UCSB Science Line
Sponge Spicules Nerve Cells Galaxy Abalone Shell Nickel Succinate X-ray Lens Lupine
UCSB Science Line
How it Works
Ask a Question
Search Topics
Our Scientists
Science Links
Contact Information
Does the position of the rock material in the earth affect the type of mineral that forms, for example, the density of the material and therefore forming different minerals? Are there any examples that you could give me, or certain test results?
Question Date: 2007-11-21
Answer 1:

Yes - different minerals form at different temperatures and pressures. The process by which this happens in the Earth is called metamorphism, and rocks whose minerals have been altered by heat and pressure in this way are called metamorphic rocks. For example, shale is made out of quartz and clay minerals (e.g. kaolinite). If you metamorphose it, it turns into slate, then phyllite, and finally schist, and what is happening to cause this transition is that the clay minerals are turning into micas (mainly muscovite). If you continue to metamorphose it will become agneiss, in which the muscovite mica will become chlorite and then biotite. Eventually, you melt the rock, and when you crystallize that out, what had been clay is now a mix of biotite, hornblende, and variousfeldspars.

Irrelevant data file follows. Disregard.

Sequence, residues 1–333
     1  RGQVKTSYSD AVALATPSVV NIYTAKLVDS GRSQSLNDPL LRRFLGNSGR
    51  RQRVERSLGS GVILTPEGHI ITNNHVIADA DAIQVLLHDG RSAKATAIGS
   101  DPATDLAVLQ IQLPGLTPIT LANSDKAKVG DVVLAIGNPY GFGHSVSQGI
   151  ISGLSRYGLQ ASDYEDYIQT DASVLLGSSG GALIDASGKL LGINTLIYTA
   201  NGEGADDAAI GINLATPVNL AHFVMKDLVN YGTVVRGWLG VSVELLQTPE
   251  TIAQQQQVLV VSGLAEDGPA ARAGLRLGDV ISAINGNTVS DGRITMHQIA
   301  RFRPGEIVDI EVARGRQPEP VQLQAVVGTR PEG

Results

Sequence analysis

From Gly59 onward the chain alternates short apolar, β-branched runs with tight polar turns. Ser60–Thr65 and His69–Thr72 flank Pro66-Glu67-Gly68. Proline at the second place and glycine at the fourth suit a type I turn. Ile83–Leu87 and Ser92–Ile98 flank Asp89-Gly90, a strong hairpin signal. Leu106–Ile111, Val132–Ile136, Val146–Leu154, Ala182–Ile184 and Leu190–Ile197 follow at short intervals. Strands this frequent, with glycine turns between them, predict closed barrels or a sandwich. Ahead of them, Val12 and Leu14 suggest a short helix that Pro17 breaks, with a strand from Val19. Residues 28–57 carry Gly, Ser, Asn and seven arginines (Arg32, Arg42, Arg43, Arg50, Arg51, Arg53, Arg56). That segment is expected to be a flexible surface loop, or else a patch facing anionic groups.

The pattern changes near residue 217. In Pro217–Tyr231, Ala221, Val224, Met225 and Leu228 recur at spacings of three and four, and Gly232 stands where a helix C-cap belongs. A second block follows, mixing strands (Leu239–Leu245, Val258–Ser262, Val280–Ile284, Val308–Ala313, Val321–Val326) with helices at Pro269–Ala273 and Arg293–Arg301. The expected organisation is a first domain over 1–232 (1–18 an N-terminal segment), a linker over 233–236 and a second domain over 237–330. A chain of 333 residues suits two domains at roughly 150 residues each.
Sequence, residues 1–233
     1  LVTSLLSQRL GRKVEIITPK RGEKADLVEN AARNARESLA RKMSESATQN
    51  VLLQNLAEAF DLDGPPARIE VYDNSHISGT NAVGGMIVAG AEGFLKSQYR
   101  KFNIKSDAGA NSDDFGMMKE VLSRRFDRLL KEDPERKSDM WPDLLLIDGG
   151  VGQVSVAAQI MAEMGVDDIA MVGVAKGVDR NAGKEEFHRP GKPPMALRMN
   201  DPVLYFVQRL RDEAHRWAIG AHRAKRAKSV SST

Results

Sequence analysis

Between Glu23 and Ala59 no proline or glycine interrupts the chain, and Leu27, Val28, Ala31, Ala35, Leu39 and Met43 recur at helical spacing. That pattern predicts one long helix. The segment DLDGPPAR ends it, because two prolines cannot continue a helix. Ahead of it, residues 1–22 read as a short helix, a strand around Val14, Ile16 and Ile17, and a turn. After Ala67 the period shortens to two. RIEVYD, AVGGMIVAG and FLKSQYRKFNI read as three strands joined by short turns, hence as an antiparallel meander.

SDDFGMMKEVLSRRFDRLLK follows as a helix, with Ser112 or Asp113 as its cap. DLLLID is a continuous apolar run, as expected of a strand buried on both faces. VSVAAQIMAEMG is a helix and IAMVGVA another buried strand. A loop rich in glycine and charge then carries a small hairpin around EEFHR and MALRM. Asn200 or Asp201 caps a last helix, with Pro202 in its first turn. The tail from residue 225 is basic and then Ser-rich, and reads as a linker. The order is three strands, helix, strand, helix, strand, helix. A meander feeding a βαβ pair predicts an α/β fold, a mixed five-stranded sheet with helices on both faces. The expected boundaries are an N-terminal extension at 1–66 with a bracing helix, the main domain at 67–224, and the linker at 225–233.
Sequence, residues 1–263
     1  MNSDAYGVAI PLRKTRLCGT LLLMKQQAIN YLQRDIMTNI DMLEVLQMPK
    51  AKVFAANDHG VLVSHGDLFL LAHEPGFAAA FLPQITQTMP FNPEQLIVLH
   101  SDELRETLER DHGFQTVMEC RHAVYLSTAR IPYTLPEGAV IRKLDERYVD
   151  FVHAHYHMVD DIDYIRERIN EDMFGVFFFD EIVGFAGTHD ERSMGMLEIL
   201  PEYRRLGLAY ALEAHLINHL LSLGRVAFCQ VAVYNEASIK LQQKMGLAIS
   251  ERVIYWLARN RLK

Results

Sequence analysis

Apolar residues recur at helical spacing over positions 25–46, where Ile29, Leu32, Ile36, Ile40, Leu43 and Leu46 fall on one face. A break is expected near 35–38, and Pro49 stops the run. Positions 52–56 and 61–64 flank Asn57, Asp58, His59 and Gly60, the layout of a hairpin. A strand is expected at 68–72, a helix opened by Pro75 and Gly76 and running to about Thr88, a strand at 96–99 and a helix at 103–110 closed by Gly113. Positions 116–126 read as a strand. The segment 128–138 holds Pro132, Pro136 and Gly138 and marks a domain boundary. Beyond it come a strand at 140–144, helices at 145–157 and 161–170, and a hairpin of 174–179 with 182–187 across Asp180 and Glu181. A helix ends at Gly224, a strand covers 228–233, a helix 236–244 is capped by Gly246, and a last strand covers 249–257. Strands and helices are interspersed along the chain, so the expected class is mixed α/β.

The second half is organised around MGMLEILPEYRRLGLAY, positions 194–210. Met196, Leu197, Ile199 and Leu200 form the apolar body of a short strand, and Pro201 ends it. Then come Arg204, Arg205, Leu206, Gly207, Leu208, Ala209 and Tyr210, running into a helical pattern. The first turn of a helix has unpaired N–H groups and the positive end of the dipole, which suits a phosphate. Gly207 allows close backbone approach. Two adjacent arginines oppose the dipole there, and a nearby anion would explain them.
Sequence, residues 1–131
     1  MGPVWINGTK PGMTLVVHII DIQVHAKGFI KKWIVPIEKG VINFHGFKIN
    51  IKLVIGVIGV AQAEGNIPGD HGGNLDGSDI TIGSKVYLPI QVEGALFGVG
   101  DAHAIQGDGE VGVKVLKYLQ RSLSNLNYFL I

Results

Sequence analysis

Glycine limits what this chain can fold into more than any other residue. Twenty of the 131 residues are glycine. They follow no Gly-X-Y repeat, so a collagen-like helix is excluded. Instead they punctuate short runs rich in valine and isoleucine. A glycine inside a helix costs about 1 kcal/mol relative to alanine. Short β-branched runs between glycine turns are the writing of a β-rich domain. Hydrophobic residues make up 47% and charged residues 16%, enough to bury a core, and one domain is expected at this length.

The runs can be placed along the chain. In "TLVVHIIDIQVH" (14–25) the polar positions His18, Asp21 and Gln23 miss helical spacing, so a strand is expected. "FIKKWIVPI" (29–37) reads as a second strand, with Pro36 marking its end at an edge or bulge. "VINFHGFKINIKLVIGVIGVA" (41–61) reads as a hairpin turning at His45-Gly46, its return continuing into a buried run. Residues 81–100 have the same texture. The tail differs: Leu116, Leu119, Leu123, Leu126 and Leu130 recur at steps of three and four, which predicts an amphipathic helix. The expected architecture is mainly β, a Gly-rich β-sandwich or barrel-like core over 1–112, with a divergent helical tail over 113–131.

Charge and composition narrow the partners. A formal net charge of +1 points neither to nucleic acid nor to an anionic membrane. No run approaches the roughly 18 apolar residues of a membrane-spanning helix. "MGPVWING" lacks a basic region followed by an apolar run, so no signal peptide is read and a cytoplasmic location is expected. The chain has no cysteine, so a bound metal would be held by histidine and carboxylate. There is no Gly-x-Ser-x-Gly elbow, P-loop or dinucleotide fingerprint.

Answer 2:

Rocks are made up of minerals. In general, the deeper one goes in earth the higher the density of the rock and hence the minerals making up the rock tend to be denser.

So graphite is the stable form of element Carbon at the surface but at depths > about 150 km, diamond is the stable form of carbon.

Click Here to return to the search form.

University of California, Santa Barbara Materials Research Laboratory National Science Foundation
This program is co-sponsored by the National Science Foundation and UCSB School-University Partnerships
Copyright © 2020 The Regents of the University of California,
All Rights Reserved.
UCSB Terms of Use